Gaussian Process Modeling of Large Scale Terrain

Srihari Vasudevan The University of Sydney Australian Centre for Field Robotics Rose Street Building J04 NSW
Tuesday, 19 Apr 2011 (all day)
A-212 (STCS Seminar Room)
This talk will focus on the problem of large scale multi-sensor multi-data-set sensor based perception and sensor fusion. The application context of this study is large scale terrain modeling for mining automation.

Building a model of large scale terrain (5 sq km) that can adequately handle uncertainty and incompleteness of sensor data in a statistically sound way is a challenging problem. Most contemporary representations are not equipped to model spatially correlated data and typically treat data as being statistically independent. To obtain a comprehensive model of such terrain, typically, multiple sensory modalities as well as multiple data sets are required. This necessitates sensor fusion.

In order to address these issues, this work proposed the use of Gaussian processes (GP's) as models of large scale terrain. The model naturally provided a multi-resolution representation of space, incorporated and handled uncertainties aptly and coped with incompleteness of sensory information. Gaussian process regression techniques were applied to estimate and interpolate (to fill gaps in occluded areas) elevation information across the field. A single non-stationary (neural network) Gaussian process was shown to be powerful enough to model large and complex terrain, effectively handling issues relating to discontinuous data.

Experiments were performed on large scale 3D data sets taken using GPS and laser scanners from a mining scenario. Extensive statistical performance evaluation of the technique was performed through cross validation experiments on the aforementioned data sets. These experiments also compared the proposed modeling approach with most other well known interpolation and representation methods. The outcome of these comparison and benchmarking experiments was that the proposed approach will perform as well as grid based techniques or triangulated irregular networks (TIN's) for dense, relatively flat laser scanner data sets, however, for complex and/or sparse data sets, the proposed Gaussian process modeling approach will significantly outperform grid based approaches using most standard interpolation techniques as well as TIN's using triangle based interpolation techniques.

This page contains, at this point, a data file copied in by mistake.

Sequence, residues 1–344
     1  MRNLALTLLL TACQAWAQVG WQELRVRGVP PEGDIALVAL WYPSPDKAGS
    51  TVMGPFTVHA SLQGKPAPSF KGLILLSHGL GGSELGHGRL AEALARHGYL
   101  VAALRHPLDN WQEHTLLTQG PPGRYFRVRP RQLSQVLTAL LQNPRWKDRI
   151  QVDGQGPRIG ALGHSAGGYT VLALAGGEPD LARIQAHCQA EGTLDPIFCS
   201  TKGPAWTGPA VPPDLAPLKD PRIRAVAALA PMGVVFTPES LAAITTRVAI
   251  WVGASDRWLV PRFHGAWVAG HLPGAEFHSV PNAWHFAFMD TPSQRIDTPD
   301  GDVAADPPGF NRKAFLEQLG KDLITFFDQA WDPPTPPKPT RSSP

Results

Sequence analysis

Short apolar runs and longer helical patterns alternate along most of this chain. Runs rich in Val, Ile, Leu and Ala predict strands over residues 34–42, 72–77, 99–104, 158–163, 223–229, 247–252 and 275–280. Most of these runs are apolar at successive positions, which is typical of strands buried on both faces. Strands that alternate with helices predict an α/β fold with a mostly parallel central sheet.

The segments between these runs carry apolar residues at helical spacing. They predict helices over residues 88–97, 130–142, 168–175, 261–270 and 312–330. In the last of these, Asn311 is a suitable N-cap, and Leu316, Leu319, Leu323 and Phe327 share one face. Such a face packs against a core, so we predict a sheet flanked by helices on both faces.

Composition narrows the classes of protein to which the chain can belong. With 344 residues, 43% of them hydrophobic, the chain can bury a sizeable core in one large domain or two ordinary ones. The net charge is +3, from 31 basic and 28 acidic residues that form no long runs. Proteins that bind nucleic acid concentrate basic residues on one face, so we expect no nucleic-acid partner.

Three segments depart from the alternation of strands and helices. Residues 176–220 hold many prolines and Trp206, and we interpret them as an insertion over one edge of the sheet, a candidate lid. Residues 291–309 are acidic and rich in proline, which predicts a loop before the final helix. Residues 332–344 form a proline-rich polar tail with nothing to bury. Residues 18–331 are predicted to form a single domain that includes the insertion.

This work then proposed two approaches to data fusion using Gaussian processes - one based on Heteroscedastic GP's and the other based on Dependent GP's. The approach based on heteroscedastic GP's modeled the different data sets as different noisy samples of a common underlying terrain. Dependent GP based data fusion modeled each data set using a separate GP and learnt spatial correlation information between different GP's through auto and cross correlations. A key novelty of this work was the derivation and use of non-stationary kernels for multi-task problems with dependent Gaussian processes. The work based on dependent GP's has also successfully demonstrated the simultaneous modeling/prediction of multiple properties of the terrain (terrain elevation and color).

To enable the approach to cope with multiple large-scale data sets, GP approximations were developed for both the learning and inference stages. A local approximation method based on a moving window methodology and implemented using KD-Trees was proposed for both GP learning and inference. Further, a block learning approach to GP learning was proposed which guaranteed the successful use of this approach in resource constrained systems. These approximation methods enabled the approach to handle large data sets, thereby addressing its scalability issues.


Dr Shrihari Vasudevan has a BE in Computer Science and Engineering from the University of Madras (2002), an MS in Computer Science / Intelligent Robotics from the University of Southern California, USA (2004) and a DSc in Intelligent Robotics from the Swiss Federal Institute of Technology Zurich (2008). He is currently a research fellow / lecturer at the Australian Centre for Field Robotics, The University of Sydney. His research interests may be summarized as the modeling and mining of sensor data. Specifically, he is interested in sensor based perception, sensor fusion, machine learning and pattern recognition towards developing intelligent robots and systems.